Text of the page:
The "Isometric Power Revolution " is a must for anyone seriously interested in the development of strength and muscle.
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Showing 1-7 of 7 posts in this discussion
Initial post: Oct 8, 2008 9:38:31 PM PDT
M. Shao says:
Thanks for explaining the synapse effect, that was helpful to me.

Posted on Jun 13, 2009 8:49:54 AM PDT
S. Stoller says:
You should be aware that the author of this review is an overweight 70 year old man who is terribly out of shape. I know because I've seen pictures of him. I would strongly recommend against taking any kind of fitness advice from this individual.

In reply to an earlier post on Jul 17, 2011 4:54:55 PM PDT
[Deleted by the author on Sep 1, 2011 9:01:12 AM PDT]

In reply to an earlier post on Sep 1, 2011 8:36:36 AM PDT
He said the author of the review. Not the author of the book. Pay attention.

In reply to an earlier post on Sep 1, 2011 9:00:57 AM PDT
Phil says:
Duel D. Christain, Jr., thanks for correcting me. You're absolutely right: I didn't pay enough attention to what the review said about who the supposed "overweight 70 year old man" is.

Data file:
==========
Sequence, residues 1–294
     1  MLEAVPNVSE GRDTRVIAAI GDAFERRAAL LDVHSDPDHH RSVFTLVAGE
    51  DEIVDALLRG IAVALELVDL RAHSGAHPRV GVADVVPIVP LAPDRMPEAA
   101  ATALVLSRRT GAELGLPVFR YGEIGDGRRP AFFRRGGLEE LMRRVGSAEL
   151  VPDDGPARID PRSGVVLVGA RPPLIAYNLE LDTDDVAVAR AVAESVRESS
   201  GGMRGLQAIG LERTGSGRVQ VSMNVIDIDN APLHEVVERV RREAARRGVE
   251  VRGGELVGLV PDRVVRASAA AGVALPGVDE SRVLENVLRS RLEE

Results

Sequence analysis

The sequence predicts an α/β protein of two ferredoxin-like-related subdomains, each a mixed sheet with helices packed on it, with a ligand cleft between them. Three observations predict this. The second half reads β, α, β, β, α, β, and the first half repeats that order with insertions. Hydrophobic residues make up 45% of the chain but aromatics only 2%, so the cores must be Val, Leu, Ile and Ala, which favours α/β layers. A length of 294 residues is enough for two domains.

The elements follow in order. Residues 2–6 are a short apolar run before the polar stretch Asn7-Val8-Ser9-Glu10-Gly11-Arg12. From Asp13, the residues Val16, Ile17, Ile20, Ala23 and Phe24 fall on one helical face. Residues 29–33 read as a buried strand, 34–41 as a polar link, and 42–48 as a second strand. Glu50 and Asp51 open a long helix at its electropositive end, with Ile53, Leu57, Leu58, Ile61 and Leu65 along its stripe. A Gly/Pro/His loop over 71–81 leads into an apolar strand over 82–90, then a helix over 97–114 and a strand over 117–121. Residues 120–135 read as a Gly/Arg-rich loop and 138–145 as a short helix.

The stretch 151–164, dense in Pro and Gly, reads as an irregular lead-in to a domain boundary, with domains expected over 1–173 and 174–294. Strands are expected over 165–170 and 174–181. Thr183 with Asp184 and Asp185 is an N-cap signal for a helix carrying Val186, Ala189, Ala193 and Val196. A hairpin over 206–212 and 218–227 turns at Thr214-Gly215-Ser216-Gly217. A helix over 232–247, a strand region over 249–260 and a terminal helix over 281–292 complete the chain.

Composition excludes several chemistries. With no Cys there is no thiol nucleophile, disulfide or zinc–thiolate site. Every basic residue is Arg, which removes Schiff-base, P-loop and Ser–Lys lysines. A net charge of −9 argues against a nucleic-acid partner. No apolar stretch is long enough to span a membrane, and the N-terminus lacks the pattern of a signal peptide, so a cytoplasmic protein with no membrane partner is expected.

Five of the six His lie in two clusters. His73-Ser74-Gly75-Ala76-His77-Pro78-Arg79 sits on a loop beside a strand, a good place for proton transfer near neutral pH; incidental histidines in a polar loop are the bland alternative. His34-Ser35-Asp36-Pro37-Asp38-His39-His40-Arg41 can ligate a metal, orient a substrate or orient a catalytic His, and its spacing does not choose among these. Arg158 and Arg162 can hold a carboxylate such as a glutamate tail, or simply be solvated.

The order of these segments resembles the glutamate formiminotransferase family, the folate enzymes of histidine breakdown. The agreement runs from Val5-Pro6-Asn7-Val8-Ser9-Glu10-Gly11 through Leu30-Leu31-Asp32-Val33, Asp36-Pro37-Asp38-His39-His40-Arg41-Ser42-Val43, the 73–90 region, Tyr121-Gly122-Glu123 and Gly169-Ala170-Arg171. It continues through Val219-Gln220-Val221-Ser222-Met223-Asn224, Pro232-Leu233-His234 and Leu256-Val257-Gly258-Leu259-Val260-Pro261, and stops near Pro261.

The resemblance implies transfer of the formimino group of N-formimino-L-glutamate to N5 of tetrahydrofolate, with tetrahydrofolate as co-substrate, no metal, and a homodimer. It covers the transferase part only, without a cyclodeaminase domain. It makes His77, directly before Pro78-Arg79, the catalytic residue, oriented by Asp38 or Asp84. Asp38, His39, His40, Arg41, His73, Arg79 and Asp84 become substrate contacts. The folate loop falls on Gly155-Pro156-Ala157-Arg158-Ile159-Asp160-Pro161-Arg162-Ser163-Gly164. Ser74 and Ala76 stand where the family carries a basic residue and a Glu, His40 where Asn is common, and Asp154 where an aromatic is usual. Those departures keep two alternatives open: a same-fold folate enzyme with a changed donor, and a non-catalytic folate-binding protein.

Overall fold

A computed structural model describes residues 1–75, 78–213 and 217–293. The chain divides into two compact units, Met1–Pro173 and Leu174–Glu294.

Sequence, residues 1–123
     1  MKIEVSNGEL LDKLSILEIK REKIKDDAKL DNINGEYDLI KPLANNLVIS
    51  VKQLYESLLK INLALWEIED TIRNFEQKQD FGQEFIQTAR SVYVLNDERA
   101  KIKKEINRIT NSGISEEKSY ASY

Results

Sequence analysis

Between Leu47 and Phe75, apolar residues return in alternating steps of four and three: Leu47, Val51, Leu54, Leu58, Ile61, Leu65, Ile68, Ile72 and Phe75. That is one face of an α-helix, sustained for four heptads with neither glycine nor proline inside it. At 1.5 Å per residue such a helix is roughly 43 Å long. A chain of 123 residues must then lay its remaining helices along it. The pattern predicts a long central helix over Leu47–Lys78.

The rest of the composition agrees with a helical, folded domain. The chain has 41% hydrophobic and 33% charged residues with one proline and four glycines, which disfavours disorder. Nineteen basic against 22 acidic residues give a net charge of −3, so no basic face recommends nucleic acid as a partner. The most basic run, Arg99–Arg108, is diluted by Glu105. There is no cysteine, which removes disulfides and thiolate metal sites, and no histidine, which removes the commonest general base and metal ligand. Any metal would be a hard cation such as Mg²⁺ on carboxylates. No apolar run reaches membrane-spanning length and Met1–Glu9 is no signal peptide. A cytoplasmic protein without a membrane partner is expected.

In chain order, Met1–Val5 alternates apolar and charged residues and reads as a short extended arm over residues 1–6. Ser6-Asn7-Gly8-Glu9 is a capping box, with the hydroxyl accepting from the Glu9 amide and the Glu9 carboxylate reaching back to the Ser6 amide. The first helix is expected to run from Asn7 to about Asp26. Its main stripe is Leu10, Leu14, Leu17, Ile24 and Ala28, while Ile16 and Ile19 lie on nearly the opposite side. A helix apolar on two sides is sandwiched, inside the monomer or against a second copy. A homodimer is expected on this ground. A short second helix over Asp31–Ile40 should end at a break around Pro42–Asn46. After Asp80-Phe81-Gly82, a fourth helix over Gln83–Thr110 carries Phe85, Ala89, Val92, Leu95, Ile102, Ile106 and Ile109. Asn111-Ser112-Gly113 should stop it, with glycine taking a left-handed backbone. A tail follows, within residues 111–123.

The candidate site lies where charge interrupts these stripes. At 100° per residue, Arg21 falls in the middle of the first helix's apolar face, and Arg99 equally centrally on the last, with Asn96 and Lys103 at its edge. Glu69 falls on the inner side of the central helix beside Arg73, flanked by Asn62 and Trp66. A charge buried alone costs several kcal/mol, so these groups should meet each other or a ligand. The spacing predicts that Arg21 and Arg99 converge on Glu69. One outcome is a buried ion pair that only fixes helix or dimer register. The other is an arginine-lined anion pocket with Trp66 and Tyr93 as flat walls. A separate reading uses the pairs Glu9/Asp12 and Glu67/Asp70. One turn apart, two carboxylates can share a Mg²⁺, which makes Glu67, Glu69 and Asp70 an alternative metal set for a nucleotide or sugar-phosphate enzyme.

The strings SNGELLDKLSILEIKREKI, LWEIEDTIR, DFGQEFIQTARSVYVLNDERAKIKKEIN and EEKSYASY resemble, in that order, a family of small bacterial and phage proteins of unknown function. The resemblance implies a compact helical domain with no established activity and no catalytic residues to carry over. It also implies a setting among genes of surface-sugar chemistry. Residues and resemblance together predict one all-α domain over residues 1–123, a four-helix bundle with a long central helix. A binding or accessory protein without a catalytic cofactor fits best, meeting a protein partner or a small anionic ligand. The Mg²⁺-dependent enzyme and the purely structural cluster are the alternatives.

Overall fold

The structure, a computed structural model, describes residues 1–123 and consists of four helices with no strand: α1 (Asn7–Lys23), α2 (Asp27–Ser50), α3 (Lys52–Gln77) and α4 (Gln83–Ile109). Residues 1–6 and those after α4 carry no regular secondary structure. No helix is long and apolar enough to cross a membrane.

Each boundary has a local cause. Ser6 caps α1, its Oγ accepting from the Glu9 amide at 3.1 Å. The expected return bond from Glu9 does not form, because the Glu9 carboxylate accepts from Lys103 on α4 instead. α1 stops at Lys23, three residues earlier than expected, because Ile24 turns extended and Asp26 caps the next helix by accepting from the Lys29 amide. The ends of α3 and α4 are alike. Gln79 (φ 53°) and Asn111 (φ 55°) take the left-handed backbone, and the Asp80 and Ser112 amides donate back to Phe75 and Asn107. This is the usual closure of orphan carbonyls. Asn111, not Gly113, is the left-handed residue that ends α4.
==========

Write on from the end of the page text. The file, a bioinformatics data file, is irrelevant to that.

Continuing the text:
To S. Stoller: I apologize for the comment I made about your comment. I will delete my comment, but I wanted to apologize to you.

In reply to an earlier post on Sep 1, 2011 9:13:56 AM PDT
The author of the post is going strong three years later and enjoying all of the strength and dynamism that Isometrics provide in all parts of one's life -physical, mental and emotional. They build NERVE FORCE.

In reply to an earlier post on Sep 1, 2011 9:45:20 AM PDT
Last edited by the author on Sep 1, 2011 9:55:52 AM PDT
Phil says:
S. Stoller, this is my second comment in reply to your comment. I deleted the first one, because I had made a mistake for which I have apologized.

I find your comment about the review totally unhelpful. Your comment consists of one argument: You are sure you know who the reviewer is, and you maintain he "is an overweight 70 year old man who is terribly out of shape." You conclude by saying, "I would strongly recommend against taking any kind of fitness advice from this individual."

Your argument is an excellent example of "ad hominem" reasoning. It attacks the person rather than that person's argument. That is a type of fallacious argument. It earns no merit and deserves no respect.